GAZA/PARIS -- Since the beginning of Operation Protective Edge in the Gaza Strip, the majority of the dead and wounded in Gaza are civilians, and medical workers are also coming under fire, the international medical humanitarian organization Doctors Without Borders/Médecins Sans Frontières (MSF) said today.
Women and children comprised most of the wounded people arriving on Sunday morning in the emergency room in Al Shifa Hospital in Gaza City, where MSF is working, following heavy shelling overnight and in the morning in the city’s Ash Shuja’iyeh neighborhood. MSF personnel witnessed hundreds of people fleeing the area. MSF calls on Israel to stop bombing civilians trapped in the sealed-off Gaza strip, and to respect the safety of medical workers and health facilities.
“Shelling and air strikes are not only intense but are also unpredictable, which makes it very difficult for MSF and other medical workers to move and provide much needed emergency care,” said Nicolas Palarus, MSF field coordinator in Gaza.
Two brothers, eight and four, were among the hundreds of civilians wounded overnight in Ash Shuja’iyeh. They lay side by side in Al Shifa’s intensive burn care unit, suffering severe burns from a missile strike on their house.
It was only at dawn that people began to flee the area by foot or in packed vehicles, and when wounded people were able to reach the hospital either by ambulance or on their own.
“In the emergency resuscitation room, half of the severe cases died within minutes, and half required emergency surgery,” said Audrey Landmann, MSF medical coordinator in Gaza.
At the hospital, MSF also witnessed two paramedics who had died and two others who were injured while trying to retrieve wounded from Ash Shuja’iyeh. Separately Sunday morning, a clearly identified MSF vehicle escaped an air strike 300 meters away. Israeli authorities had earlier guaranteed secure movements for MSF from the Erez border crossing to Gaza City, so that an incoming surgical team could be picked up.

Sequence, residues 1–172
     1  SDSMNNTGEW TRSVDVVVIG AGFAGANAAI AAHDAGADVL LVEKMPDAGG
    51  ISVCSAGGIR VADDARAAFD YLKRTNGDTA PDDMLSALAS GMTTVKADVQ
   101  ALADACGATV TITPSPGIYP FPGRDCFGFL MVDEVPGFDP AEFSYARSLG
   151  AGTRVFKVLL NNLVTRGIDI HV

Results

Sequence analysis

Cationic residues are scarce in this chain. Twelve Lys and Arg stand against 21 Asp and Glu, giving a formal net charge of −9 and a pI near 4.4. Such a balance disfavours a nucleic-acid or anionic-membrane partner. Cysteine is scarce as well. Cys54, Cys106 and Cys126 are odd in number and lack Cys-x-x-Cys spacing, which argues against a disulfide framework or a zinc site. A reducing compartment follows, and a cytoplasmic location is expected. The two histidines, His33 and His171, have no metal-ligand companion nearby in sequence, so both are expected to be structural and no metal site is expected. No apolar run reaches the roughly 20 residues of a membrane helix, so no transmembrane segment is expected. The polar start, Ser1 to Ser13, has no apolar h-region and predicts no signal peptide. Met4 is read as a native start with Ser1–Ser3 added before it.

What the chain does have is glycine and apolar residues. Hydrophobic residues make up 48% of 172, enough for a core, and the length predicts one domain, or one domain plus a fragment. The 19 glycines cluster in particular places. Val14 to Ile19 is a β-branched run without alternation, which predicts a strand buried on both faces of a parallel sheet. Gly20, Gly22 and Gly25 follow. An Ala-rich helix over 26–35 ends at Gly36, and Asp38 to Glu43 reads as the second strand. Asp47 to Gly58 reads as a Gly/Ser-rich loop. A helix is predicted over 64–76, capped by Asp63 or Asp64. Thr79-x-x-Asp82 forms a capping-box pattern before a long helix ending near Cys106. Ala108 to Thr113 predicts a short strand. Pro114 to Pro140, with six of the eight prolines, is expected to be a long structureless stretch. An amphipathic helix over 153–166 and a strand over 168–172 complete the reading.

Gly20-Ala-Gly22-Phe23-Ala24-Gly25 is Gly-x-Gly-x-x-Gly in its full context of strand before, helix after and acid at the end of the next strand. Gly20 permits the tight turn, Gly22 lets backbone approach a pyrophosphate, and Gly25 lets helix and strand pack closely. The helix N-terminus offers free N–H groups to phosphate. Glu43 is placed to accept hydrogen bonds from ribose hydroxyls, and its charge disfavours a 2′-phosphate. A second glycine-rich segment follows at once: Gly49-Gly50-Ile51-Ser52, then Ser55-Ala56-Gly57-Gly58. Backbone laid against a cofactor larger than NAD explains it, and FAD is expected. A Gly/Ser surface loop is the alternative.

“Medical workers and facilities must be respected, and shooting should not occur at or near ambulances and hospitals,” said Palarus.
Since Israel launched its ground offensive the number of victims is increasing exponentially.
“While official claims that the objective of the ground offensive is to destroy tunnels into Israel, what we see on the ground is that bombing is indiscriminate and that those who die are civilians,” said Palarus.
Three families of MSF staff members are sheltering at MSF’s post-operative clinic in Gaza City. “They have nowhere else to go and crossing the border does not seem a realistic option,” said Palarus. “United Nations shelters are now overcrowded and hygiene conditions are extremely worrying.”
In response to the emergency, MSF is supporting Al Shifa Hospital in Gaza City with a full surgical team, medical equipment and emergency supplies, and has donated two emergency stocks to the Central Drug Store in the south and north of Gaza.
The MSF post-operative clinic in Gaza City is running at 10 to 30 percent of its capacity because the intensity of the bombing impedes patients from accessing the facility. Regular MSF activities in Nasser Hospital in Khan Yunis have been interrupted by the conflict.
MSF has been working in Gaza for more than 10 years, providing medical, surgical and psychological services. It also responded to the 2009 and 2012 emergencies in Gaza.